VTB Bank chief: There is no real crisis in Russia

Russia's Central Bank Governor Elvira Nabiullina (L) and Andrei Kostin, president and chairman of the Management Board at VTB Bank, attend the 7th annual investment forum "Russia Calling!, Oct. 13. Source: Mikhail Metzel/TASS

Russia's Central Bank Governor Elvira Nabiullina (L) and Andrei Kostin, president and chairman of the Management Board at VTB Bank, attend the 7th annual investment forum "Russia Calling!, Oct. 13. Source: Mikhail Metzel/TASS

Mikhail Metzel/TASS
Andrei Kostin, president of Russia's second-largest lender VTB Bank, has declared that Russia is not experiencing an economic crisis. Businessmen, however, do not agree with this position, saying that there has been a decline in investments. However, some government officials say economic growth may recommence in the country in a year.

The president of Russia’s second-largest lender VTB Bank has stated that Russia is not in fact going through an economic crisis and that there is no evidence of this to be seen in the country.

"Only those who are too young or whose memory is too short think that there is a crisis in Russia. There is nothing in the country that tells us we're going through a crisis," said VTB chief Andrei Kostin during the "Russia's Calling" Forum on Oct. 13.

Oleg Deripaska, one of Russia's richest people and head of the Basic Element Group, did not agree with Kostin's statement. According to Deripaska, "there is a crisis in Russia," and in particular it is seen when "Russian companies are denied access to capital markets."

The forum was notable for the completely polar views on the development of the crisis in Russia expressed by those participating.


Hope for growth

Chairwoman of the Russian Central Bank Elvira Nabiullina said that, given the bank's harsh monetary-credit policy, economic growth could resume towards the end of 2016, while a more stable growth will be observed in 2017.

"On the contrary, our harsh policy on the reduction of inflation will help economic growth become stable and healthy," she said. In her words, the Central Bank's objective is "to create conditions for private investors to make thoughtful, well-calculated decisions in predictable conditions."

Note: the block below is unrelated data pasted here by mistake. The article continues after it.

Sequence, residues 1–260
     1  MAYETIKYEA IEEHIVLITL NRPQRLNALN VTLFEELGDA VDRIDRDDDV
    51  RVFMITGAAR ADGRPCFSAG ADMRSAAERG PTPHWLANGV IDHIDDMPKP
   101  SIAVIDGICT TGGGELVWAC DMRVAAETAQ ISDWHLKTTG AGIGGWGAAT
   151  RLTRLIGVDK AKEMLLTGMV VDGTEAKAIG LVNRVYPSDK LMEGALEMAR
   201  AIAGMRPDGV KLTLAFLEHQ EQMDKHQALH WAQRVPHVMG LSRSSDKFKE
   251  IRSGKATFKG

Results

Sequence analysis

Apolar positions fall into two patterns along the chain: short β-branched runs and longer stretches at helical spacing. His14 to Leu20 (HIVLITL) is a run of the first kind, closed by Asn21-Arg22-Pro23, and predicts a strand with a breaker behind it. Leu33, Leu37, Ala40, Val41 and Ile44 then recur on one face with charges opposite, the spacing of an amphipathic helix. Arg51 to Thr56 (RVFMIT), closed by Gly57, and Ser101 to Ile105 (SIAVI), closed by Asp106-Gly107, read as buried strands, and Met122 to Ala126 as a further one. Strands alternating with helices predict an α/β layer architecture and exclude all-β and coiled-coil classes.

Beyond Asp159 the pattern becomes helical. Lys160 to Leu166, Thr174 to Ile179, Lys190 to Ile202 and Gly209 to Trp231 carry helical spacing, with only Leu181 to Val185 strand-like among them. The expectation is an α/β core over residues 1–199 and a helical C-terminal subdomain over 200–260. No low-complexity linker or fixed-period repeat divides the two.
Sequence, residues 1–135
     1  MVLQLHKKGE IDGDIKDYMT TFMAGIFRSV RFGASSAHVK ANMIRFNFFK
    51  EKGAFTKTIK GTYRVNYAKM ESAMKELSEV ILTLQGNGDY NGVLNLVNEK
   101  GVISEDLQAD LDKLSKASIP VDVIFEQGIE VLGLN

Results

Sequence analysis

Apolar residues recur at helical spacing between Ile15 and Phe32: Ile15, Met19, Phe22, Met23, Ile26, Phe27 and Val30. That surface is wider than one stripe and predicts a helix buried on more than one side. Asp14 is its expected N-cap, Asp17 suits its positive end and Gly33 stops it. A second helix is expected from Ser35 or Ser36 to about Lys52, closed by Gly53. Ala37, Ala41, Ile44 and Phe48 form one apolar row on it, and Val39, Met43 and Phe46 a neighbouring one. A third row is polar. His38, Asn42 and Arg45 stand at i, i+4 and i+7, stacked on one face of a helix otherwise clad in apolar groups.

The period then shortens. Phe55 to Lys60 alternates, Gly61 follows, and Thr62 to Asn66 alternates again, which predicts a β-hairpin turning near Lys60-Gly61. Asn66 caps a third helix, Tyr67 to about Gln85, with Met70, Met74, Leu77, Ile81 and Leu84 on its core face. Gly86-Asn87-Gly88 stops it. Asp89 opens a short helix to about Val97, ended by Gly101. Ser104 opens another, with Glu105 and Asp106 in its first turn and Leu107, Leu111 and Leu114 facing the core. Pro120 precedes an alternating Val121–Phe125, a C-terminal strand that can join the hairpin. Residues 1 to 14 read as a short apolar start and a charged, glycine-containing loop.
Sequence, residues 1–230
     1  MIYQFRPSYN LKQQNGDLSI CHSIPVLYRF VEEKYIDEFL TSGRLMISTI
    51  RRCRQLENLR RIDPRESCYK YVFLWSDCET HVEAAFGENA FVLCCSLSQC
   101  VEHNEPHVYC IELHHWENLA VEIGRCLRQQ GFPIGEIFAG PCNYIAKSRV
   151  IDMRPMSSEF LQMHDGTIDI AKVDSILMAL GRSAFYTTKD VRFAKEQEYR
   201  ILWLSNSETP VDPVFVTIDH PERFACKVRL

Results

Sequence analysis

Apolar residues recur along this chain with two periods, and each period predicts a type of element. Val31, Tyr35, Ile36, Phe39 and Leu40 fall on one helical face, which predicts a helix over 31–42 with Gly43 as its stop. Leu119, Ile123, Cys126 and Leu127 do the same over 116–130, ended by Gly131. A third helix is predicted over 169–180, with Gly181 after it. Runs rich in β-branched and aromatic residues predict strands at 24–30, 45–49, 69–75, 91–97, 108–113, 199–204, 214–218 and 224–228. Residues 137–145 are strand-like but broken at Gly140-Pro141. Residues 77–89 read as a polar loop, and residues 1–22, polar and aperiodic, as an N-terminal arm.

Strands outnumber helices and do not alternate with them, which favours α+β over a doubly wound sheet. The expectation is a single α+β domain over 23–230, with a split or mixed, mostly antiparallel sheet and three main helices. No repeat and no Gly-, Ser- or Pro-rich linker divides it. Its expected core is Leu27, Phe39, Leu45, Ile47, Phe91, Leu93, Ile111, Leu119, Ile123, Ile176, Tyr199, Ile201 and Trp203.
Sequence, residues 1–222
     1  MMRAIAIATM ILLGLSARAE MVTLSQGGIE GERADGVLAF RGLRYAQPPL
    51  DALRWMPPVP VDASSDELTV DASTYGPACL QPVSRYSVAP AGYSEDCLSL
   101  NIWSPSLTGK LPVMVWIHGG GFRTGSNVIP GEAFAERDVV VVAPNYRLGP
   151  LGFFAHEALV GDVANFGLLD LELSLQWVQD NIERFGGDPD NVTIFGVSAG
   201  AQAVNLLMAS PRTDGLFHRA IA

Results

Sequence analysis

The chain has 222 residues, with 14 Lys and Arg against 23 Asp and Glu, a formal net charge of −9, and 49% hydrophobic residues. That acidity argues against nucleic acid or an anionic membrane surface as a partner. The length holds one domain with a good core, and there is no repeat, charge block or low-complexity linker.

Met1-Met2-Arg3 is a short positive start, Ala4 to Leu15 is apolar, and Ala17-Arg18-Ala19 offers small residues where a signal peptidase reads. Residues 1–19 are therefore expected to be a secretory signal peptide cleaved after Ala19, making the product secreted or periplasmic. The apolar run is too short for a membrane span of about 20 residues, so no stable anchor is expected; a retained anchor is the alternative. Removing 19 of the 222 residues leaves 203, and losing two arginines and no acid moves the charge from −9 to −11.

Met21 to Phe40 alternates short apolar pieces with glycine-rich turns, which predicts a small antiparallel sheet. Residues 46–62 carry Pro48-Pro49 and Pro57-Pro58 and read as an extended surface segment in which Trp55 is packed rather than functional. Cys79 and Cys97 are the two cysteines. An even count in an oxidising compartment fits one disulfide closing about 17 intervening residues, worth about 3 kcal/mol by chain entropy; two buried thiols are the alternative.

Andrei Kostin expressed hope that if inflation is low enough, the key interest rate – the main indicator that Russian banks use to lend money – may be reduced to 8.5 percent by mid-2016.

For the first time since the beginning of the year on Sept. 11 the Central Bank left the key rate unchanged: 11 percent annually. The regulator explained that the decision was due to the growth of inflation, the decline of the ruble and the persistence of low oil prices.

In December 2014, due to the fall of the ruble against the dollar and the euro, the key rate was increased from 10 to 17 percent.

"If predictions for the upcoming year are realized, then the key rate in the middle of next year may be around 8.5 percent," said Kostin.


Difficult reforms

According to Oleg Deripaska, Russia will not have any economic growth until the country returns to the conditions in which businesses were managed in 2007. Meanwhile, Minister of Economic Development Alexei Ulyukayev warned that a "bitter pill" would have to be swallowed to return to any growth.

"All the prescriptions are known. But Russia, just like a sick man who doesn't want to drink bitter medicine, is putting it off," explained Ulyukayev.

Finance Minister Anton Siluanov, meanwhile, argues that in the current situation the government must change its approach to the budget.

"Firstly, this must be done through the reduction of government expenses in the economy," said Siluanov, who believes that the main direction should be the reduction of the budget deficit and restriction on budget expenditure.

“We can speak about the reduction of the key rate, the reduction of inflation, but in the end these are just macroeconomic conditions for obtaining growth," he said, arguing that for stable growth the country needs to stimulate private investment.

Georgy Vaschenko, director of operations on the Russian capital market at Freedom Finance, defines a crisis as "a subjective interpretation by the population of the economy's condition and not a collection of concrete figures.”

“But the decline of industrial production in three quarters straight and an inflation rate of over 12 percent do say that there is a recession in the economy," he said.

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